Saturday, February 20, 2010

Disabled actors in St. Louis prepare to perform "Tom Sawyer"

From The St. Louis American:

That Uppity Theatre Company and DisAbility Project are collaborating on a play based on the Mark Twain classic, Tom Sawyer, performed by actors with disabilities. Helping with the production is Felicia Scott (AKA “Scotti”), a professional vocal coach who has been working with individuals and small groups for 20 years.

“They still have the same desire to sing or improve their talent,” Scott said of the disabled actors.

“Even though they may be in wheelchairs or crutches permanently, they are still very capable. There is very little limitation that I have to deal with.”

Scott said all the actors in the production are equally special in their various ways to her. One couple that recently married, both wheelchair-bound, impressed her.

“That gives you an idea of what ‘normal’ is supposed to be. They found love. That is the general message – there is no difference,” Scott said.

“They’re no different from anyone else. I don’t really find anything different than anybody else that I’ve worked with, except the fact there may be added furniture, their chairs or clutches. We are all children of God.”

The DisAbility Project ensemble for Tom Sawyer has 15 active members, both with and without disabilities, who are diverse in age, race, ethnicity, class, occupation, education, religion, sexual orientation, physical ability and performance experience.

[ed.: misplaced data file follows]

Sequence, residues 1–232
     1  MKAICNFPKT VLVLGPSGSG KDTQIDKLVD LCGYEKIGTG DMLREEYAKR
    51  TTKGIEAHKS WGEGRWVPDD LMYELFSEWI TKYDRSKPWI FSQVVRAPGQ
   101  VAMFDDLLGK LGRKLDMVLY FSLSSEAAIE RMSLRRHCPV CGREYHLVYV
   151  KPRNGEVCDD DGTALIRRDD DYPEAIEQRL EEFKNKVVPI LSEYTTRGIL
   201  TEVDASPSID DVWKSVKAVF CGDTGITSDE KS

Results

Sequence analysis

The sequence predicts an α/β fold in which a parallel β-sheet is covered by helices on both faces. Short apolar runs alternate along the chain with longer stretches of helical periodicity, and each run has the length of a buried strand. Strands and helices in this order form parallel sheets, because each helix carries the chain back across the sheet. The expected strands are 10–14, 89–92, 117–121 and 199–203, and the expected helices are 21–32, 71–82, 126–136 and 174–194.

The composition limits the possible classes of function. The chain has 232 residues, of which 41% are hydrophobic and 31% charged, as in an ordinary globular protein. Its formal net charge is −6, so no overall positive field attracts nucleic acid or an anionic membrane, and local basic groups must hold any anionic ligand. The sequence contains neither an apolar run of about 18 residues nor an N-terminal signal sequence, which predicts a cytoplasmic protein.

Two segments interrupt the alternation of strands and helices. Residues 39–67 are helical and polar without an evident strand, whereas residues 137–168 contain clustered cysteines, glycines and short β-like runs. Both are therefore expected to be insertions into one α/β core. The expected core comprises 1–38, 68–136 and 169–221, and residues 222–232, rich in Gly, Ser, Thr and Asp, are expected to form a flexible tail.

That Uppity Theatre Company Artistic Director Joan Lipkin and the DisAbility Project have received numerous honors, including the Brotherhood Sisterhood Award from the National Conference for Community & Justice, the Focus St. Louis “What's Right with the Region” Award for Improving Racial Equality and Social Justice, and the Missouri Governor's Council on Disability Enhancement Award.

“I knew Felicia would be the ideal person to work with our group because she is a consummate musician, has a delightful sense of humor and truly knows how to motivate and support people,” Lipkin said.

“Our ensemble of people with disabilities has loved having their very own vocal coach, and through Felicia’s work with them the quality of their singing has improved greatly. And equally important, they are loving singing and loving their time with her.”

Scott’s daily motivation is sharing with others, from singing in church to performing with various musicians.

“I was given these gifts and talents to share,” Scott said.

For inspiration, Scott recommends people to find out what their passion is. Scott has stayed with a school with no pay just because she loves to teach. After the production of Tom Sawyer is finished, Scott plans to continue working with the DisAbility Project and temporarily serve as choir director at a school while furthering her education at Eden Theological Seminary.

“If I can teach, I’m a real happy girl,” Scott said.

Scott is a St. Louis native and has been part the local arts scene for years. After studying music, voice, education and music business at Fontbonne University, Scott has been recognized for her vocal talents in classical, jazz/blues, and gospel music as well as her leadership in the arts community, beginning with the St. Louis Symphony Orchestra and the recording arts. Scott became recognized as voice-over talent from her music segment on the popular Lavender Limelight community radio show during the late ‘90s and her jazz radio show.

Scott is executive director and DJ of Wired Women, Inc., a production company that has supported the St. Louis women’s community for over 20 years by producing concert events and hosting women's dances. Currently, Scott serves as a volunteer chaplain and works professionally as a career consultant, helping developmentally disabled adults obtain competitive employment.